Frank, it is not unusual for cultures to memorialize or pray for the dead. Dead martyrs, even if they are simply symbolic, have been known to get entire days dedicated to their memory. Given that, I'd consider the use of the word 'absurd' somewhat hyperbolic.

I am using this particular blog post primarily as a place to post updates as I get them for those looking for information on, and reporting on, Neda.
Kathy:

Thank you for your posting on this tragic event.

FYI, a co-blogger on TMV, Dr. Klarissa Estes has also written a touching piece on this

http://themoderatevoice.com/36443/neda-16-year-old-girl-murdered-in-iran-she-is-voice-of-freedom/y
Amy Beam was instrumental in researching the authenticity of the previous 'passport photo' of a Neda Soltani in headscarf and gives an excellent narrative of the process here:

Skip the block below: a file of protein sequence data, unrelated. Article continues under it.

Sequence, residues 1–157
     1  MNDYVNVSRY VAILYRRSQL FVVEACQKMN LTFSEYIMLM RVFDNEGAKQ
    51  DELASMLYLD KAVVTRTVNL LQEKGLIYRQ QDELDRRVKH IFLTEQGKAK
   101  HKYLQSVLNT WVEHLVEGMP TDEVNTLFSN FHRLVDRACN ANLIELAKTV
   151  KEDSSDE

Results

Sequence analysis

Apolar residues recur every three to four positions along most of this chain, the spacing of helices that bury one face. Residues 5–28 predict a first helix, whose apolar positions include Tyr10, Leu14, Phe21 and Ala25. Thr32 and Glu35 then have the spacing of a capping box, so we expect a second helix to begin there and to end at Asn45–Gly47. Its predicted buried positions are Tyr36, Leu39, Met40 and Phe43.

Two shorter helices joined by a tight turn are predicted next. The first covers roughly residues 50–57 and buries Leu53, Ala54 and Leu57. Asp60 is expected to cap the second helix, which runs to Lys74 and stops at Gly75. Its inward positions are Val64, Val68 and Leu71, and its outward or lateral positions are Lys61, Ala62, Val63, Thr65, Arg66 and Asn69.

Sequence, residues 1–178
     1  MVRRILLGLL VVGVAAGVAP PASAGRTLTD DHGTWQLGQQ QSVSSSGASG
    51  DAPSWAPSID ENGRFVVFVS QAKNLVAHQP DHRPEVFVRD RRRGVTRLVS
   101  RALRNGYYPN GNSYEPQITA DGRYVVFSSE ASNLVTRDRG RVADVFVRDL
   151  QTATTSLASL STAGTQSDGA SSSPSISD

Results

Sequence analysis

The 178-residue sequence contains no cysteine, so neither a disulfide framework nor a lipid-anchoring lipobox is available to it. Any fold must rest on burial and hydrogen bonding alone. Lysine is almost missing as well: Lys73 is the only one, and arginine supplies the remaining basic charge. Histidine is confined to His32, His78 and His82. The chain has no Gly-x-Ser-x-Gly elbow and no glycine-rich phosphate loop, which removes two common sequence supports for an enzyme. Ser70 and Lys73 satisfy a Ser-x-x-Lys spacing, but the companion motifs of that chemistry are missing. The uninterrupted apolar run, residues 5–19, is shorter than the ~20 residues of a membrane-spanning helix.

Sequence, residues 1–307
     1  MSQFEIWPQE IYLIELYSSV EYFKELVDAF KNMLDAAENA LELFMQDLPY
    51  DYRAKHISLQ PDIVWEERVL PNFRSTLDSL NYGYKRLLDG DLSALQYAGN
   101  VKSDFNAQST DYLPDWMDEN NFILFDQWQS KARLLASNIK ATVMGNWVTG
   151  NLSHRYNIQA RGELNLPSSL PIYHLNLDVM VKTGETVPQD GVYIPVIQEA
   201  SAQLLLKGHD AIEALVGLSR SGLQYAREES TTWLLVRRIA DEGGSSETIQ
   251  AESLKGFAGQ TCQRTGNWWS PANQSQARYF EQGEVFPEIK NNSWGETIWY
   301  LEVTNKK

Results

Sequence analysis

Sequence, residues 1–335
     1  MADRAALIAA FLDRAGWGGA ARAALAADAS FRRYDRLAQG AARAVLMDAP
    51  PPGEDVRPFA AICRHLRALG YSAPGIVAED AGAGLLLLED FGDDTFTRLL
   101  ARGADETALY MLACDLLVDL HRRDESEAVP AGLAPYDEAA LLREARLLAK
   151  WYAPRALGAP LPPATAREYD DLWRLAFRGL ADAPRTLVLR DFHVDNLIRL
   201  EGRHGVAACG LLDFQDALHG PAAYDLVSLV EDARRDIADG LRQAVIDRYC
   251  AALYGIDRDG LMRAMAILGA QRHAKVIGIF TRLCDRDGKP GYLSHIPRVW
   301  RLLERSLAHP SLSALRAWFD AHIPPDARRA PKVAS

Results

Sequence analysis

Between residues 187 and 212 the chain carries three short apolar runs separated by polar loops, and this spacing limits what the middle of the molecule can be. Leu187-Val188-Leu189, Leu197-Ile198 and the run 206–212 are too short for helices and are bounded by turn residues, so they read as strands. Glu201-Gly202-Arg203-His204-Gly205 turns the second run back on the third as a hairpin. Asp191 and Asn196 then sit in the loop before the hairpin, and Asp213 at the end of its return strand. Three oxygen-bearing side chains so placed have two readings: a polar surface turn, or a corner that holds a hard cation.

http://tinyurl.com/ndnp33
The Los Angeles Times has posted a photograph which purports to be of Neda Agha-Soltan's grave, originally posted on TwitPic:

http://latimesblogs.latimes.com/babylonbeyond/2009/06/this-photograph-purporting-to-show-the-grave-of-neda-agha-soltan-surfaced-today-on-twitpic---amateur-video-footage.html
Caspian Makan is said to be the correct name of the fiance of Neda Agha-Soldan, according to the BBC, who posted an English-language article based on his interview today with BBC Persia. He confirms the circumstances of Neda's death and what happened following, including restrictions on her burial and subsequent memorials:

http://news.bbc.co.uk/2/hi/middle_east/8113552.stm